The next day, on Dad’s second full day at the nursing home, he kept saying comments to my brother Frank during his visit like, I don’t want to be here; why am I here; what did I do wrong; I hate it hear – it’s quiet and there’s nothing to do and I don’t know these people; where are my friends; no one ever visits; I’ve got to find a screwdriver and break out of this place; I’ve got to find a man and hire him to pop my head off! (with a gun motion to the side of his head!).  It is such inexplicable anguish to know that my dad is miserable and that there is nothing any of us can do about it.  If the laws were different, if we could assist him in his final wish of life, we could all be around him holding his hands while he drifted off peacefully to his next stop in the manner he chooses.  I personally don’t see anything wrong with that and I don’t know why there is a law against assisted-suicide.  If we are all God’s children and He gives us free will and He loves us no matter what… then who is this law designed for??  I think everyone should be able to make their own end-of-life decisions and should be able to be surrounded by those they love in their final moments.  I think locking up confused people who will never again benefit society is a truly cruel act and I pray to God that changes will be made on this earth so that other grieving families can experience smoother transitions.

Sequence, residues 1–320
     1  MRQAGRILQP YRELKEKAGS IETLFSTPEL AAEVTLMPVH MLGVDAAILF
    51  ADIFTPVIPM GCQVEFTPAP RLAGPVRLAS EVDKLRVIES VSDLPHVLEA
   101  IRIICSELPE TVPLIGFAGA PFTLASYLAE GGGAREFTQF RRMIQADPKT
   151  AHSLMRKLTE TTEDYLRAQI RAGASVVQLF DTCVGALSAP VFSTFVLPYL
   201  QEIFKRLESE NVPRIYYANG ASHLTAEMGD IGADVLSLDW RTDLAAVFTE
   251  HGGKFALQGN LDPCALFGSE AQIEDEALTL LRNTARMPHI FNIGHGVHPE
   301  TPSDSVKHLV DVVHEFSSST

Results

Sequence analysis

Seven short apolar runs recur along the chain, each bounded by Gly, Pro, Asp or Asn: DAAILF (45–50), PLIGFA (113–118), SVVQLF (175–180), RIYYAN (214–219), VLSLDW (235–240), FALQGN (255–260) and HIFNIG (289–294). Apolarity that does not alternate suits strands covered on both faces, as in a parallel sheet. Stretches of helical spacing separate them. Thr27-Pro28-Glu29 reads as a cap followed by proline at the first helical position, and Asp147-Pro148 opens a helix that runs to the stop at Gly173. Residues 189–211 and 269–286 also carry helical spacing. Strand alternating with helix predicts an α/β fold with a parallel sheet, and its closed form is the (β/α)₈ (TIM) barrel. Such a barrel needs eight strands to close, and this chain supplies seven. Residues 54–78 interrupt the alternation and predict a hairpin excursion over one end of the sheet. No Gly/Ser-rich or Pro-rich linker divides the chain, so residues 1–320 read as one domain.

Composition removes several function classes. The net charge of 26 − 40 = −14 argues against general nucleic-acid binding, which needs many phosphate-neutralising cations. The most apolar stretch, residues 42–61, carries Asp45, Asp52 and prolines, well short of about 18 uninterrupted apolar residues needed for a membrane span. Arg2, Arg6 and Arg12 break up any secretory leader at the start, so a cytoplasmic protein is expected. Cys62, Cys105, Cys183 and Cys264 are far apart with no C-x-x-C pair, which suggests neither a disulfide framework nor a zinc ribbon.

I have vowed to go back to the nursing home and tell my father that he isn’t crazy, to be honest with him finally – like we always have been, to tell him that this is his new house, that it’s okay, that even though he’s scared and can’t remember things that happen or why he’s there, that he just needs to remember ONE thing: that we love him, will always take care of him, will always make sure he’s safe, and that we will visit him every single day and will never leave him alone.  If he can remember that ONE thing, then all he needs to do with the rest is put his trust in God whom Dad has always believed in.  I have to remind Dad that God writes straight with crooked lines and that this problem is not one for us to figure out.  Daddy just has to be encouraged to find peace with his spirituality, to turn off all the noise and the thinking and to just surrender to God.  I think he’ll find the peace he’s so desperately looking for there.